With its opening in 2006, the 6.5 hectare Waitangi Park, on Wellington’s waterfront [click here to view location], became New Zealand’s largest new urban park in 100 years. Waitangi Park is near the site of the old Waitangi wetland, which was fed by the Waitangi Stream. Rich with eel, fish and shellfish, it was used for centuries by Maori for food gathering, as a source of fresh water, and as a place to launch their canoes (or waka) into the sea. Continue reading
The post on the history of pollution in the Manawatu River has been one of the most popular posts on this website. This post adds to that story with a history of Palmerston North’s sometimes beleaguered sewerage system.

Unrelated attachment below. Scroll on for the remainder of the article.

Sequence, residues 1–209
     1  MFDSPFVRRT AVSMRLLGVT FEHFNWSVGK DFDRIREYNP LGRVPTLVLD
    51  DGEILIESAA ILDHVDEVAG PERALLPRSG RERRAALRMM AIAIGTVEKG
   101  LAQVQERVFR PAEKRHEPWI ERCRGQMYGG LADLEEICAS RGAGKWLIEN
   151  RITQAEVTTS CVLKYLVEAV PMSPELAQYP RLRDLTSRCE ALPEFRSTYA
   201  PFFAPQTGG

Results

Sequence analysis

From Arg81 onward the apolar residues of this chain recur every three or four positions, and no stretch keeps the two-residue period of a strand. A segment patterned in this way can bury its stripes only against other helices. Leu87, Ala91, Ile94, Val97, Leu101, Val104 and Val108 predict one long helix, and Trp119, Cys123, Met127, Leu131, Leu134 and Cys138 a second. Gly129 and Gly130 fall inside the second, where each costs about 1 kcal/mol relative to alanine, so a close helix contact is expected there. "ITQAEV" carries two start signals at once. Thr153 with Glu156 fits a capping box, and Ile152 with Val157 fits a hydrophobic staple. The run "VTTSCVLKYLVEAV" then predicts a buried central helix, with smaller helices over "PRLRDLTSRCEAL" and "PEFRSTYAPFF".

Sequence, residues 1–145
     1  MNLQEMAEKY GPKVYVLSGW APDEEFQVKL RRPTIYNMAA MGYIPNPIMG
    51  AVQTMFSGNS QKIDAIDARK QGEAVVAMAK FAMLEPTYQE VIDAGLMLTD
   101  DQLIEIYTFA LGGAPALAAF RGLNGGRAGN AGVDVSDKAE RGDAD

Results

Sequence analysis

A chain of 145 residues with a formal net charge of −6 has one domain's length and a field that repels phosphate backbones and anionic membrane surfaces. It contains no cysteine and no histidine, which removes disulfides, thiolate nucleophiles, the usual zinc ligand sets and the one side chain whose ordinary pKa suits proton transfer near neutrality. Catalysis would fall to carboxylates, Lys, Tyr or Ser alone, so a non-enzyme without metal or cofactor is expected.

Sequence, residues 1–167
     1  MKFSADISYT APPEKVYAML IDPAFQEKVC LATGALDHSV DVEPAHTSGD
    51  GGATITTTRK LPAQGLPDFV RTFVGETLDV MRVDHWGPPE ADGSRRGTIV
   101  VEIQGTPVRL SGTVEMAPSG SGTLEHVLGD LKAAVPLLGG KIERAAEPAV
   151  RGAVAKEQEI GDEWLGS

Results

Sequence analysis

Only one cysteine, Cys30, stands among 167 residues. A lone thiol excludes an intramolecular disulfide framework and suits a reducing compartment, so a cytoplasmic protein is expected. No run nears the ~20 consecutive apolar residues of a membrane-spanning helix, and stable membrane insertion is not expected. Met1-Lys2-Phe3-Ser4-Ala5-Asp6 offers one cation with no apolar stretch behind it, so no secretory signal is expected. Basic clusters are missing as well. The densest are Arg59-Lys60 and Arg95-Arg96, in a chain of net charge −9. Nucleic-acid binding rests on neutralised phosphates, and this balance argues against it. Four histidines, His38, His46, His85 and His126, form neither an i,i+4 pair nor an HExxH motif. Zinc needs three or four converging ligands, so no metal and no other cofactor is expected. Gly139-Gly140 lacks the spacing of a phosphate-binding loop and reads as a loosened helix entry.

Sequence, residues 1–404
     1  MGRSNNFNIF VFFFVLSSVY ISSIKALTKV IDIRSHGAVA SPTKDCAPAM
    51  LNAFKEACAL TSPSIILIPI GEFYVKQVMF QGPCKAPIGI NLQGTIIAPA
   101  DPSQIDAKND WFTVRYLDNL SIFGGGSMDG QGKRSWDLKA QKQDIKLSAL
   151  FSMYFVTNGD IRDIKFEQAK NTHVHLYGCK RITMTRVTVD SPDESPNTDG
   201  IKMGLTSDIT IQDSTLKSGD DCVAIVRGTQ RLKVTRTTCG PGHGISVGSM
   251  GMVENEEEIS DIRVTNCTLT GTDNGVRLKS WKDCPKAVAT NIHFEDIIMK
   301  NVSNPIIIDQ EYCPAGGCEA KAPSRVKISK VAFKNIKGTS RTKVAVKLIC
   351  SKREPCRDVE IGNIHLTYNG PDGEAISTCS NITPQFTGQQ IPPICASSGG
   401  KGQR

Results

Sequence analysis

In the 1870s, the early years of the township, there was no sewage network. Instead, households had “long-drops”, while hotels and boarding houses built cesspits to bury “nightsoil”. By 1877, the odour from these was becoming unbearable in some locations, and in 1879, the borough council prohibited the digging of open cesspits, instead creating a ten acre “sanitary reserve” for the burial of nightsoil and household refuse.